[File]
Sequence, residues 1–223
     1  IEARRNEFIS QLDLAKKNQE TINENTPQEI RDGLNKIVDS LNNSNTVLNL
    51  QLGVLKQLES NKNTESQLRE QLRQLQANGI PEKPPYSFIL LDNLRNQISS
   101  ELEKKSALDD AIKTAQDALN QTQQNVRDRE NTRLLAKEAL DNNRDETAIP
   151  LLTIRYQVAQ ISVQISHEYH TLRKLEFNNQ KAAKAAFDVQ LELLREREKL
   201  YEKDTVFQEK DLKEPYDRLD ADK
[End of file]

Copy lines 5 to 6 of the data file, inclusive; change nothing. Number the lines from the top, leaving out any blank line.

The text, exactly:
   151  LLTIRYQVAQ ISVQISHEYH TLRKLEFNNQ KAAKAAFDVQ LELLREREKL
   201  YEKDTVFQEK DLKEPYDRLD ADK